I started acting when I was 12 years old. I come from a family of all doctors. That includes both my parents, my siblings, my cousins, uncles, aunts and even one of my grandfathers used to be one. Acting has been my passion and a need in my life since I’ve come to know myself as a person. It all started as an after school, extracurricular activity and as time went by it became my goal in life. I went through all my years of school taking acting classes, first amateur and eventually a full professional acting program at one of the most respected schools in Brazil, Escola Celia-Helena. After finishing school I went to college for marketing. In Brazil it is almost something you HAVE to do if you want to get somewhere and coming from a family of doctors there wasn’t much discussion on that. During college I kept on working in small plays and small projects, worked with Fatima Toledo, one of the most respected acting coaches in Brazil (she worked on City of God, Elite Squad I and II, Alice and so many other very big movies and tv series in Brazil), went through her film program, organized myself and my life and moved to LA 2 years after graduation, in 2009.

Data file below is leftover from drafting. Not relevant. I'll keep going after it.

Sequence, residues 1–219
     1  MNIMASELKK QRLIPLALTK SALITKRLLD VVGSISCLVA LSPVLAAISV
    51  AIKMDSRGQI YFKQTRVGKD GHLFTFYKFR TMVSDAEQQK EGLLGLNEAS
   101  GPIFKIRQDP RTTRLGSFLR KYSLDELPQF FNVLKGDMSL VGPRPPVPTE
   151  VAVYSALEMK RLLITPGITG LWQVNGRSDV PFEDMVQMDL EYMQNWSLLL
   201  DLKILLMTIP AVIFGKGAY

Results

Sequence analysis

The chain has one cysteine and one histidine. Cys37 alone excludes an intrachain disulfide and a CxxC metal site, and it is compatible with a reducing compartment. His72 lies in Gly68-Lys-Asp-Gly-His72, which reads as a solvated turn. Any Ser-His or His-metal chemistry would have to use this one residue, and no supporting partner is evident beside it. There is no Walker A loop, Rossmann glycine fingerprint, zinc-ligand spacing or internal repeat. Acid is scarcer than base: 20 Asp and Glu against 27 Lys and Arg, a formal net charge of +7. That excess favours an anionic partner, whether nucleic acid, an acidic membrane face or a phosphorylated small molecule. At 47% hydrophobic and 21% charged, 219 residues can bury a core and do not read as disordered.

What is it about acting that drives you to perform?

Acting is a need in my life, it’s not an option of whether or not I will do it, it is what I have to do, it is what I do and a great part of who am. Acting has shaped my life. The feeling, the emotion, hearing from the audience how you moved them, how you touched them, it is indescribable.

Can you tell us about the upcoming film “Valentine DayZ”?

“Valentine DayZ” was likely one of the most fun sets I’ve ever been to. I played Diana, a girl that, with Max (Dallas Valdez), has to defend the world and everything they hold dear from a zombie apocalypse that recently burst. We also had Carrie Keagan as part of our cast playing Sara. It was my second time on a horror/ thriller film (the first was ‘The Red House’) and besides what people may believe the energy on set is just so light and everyone just becomes this one big family. When I was at the beginning of my acting career I used to believe that even the filming of a horror film had to be somewhat scary, I remember reading stories of things that some people said happened on their sets and so I had in my mind that I was never going to be in one, well…that has changed a lot. Of course we have our very tense moments depending on the scene that we are filming but we had so much fun, we were always trying to scare each other and would burst into laughter right after. It was so much fun, I miss it a lot honestly. The film is still yet to be released and we are all very anxious and excited to watch the final version.

How about the film “The Process”?